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    One thing that makes me think he wasn't INTP is that he knew pretty much no theory. He just listened. I read an interview for a guitar magazine and he said he didn't really know half the time what key he was in, didn't know the names of the fancy chords or anything. he figured it all out by ear and feel. As an INTP guitarist myself, and as someone who knows several NTP guitarists, I can vouch for the fact that we're sometimes crippled by the need to know theory. We like to know the systems, and we like to have that knowledge to be able to talk about it with other guitarists.

    He also reads F in several of those video interviews you can find on youtube. I'll see if I can find a couple. He's not detached or analytical in his manner of speaking at all. I don't ever find him speaking in abstract concepts much, either.

    Not that I wouldn't love to claim him. :-D
    Something Witty

  8. #18
    Senior Member the state i am in's Avatar
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    ifp for sure, i'd guess isfp.

    i can't tell the enneagram tho, so i'm not sure. 9w8? sx/sp? 4w3?

    is he the same as eliot smith?

    i have jimi hendrix typed as enfp 7w6 but i've always held open the 9w8 isfp too. he seems more sx/so.

  9. #19
    Senior Member KDude's Avatar
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    Quote Originally Posted by Tallulah View Post
    One thing that makes me think he wasn't INTP is that he knew pretty much no theory. He just listened. I read an interview for a guitar magazine and he said he didn't really know half the time what key he was in, didn't know the names of the fancy chords or anything. he figured it all out by ear and feel. As an INTP guitarist myself, and as someone who knows several NTP guitarists, I can vouch for the fact that we're sometimes crippled by the need to know theory. We like to know the systems, and we like to have that knowledge to be able to talk about it with other guitarists.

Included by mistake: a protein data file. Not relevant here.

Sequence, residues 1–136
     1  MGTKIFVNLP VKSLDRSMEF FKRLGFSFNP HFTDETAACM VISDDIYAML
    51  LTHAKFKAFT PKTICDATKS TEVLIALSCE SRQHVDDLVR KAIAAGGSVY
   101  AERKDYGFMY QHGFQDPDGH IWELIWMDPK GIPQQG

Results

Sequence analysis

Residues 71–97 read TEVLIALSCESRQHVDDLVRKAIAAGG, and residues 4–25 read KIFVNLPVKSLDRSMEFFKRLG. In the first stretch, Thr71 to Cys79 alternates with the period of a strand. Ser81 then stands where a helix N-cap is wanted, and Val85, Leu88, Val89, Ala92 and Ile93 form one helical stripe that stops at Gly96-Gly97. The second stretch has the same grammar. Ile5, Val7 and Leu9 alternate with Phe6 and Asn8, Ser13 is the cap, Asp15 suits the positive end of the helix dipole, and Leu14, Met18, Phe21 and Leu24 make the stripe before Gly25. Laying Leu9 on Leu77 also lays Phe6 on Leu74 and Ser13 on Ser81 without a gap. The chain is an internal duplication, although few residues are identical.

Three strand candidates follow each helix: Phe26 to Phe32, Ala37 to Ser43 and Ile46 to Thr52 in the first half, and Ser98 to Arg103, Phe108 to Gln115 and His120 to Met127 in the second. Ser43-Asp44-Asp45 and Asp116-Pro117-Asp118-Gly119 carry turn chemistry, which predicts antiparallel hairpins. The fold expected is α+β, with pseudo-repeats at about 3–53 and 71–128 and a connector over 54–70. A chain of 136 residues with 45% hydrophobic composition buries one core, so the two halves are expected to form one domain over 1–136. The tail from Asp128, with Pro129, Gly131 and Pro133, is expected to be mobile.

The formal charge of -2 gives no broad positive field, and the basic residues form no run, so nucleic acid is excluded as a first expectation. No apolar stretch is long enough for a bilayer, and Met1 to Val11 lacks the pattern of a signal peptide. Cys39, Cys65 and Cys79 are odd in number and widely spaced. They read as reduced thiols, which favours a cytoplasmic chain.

He also reads F in several of those video interviews you can find on youtube. I'll see if I can find a couple. He's not detached or analytical in his manner of speaking at all. I don't ever find him speaking in abstract concepts much, either.

    Not that I wouldn't love to claim him. :-D
    That was my guess about Ti as well.. and as for my own F approach, theory wasn't the way I've approached things. I know basic chord names, some scales, but I learned in a pattern oriented sort of way too (some random exploring as well.. I play in odd tunings sometimes, and find new patterns that way. Those were more discovered by recognizing discord or happening upon sweet spots). Except I'm not that good, even after 20 years...so I probably should learn more theory.

  10. #20
    jump sleuthiness's Avatar
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    Quote Originally Posted by Tallulah View Post
    One thing that makes me think he wasn't INTP is that he knew pretty much no theory. He just listened. I read an interview for a guitar magazine and he said he didn't really know half the time what key he was in, didn't know the names of the fancy chords or anything. he figured it all out by ear and feel. As an INTP guitarist myself, and as someone who knows several NTP guitarists, I can vouch for the fact that we're sometimes crippled by the need to know theory. We like to know the systems, and we like to have that knowledge to be able to talk about it with other guitarists.

    He also reads F in several of those video interviews you can find on youtube. I'll see if I can find a couple. He's not detached or analytical in his manner of speaking at all. I don't ever find him speaking in abstract concepts much, either.

    Not that I wouldn't love to claim him. :-D
    You bring up "other guitarists". I'm thinking maybe the people interviewing him restrict what he can say. Maybe he's a partial sp type.

    Valid points though. How do your intp friends prefer to learn? Solve problems (with others, alone, step by step, etc.)? Are they (verbally) more communicative than Vaughan?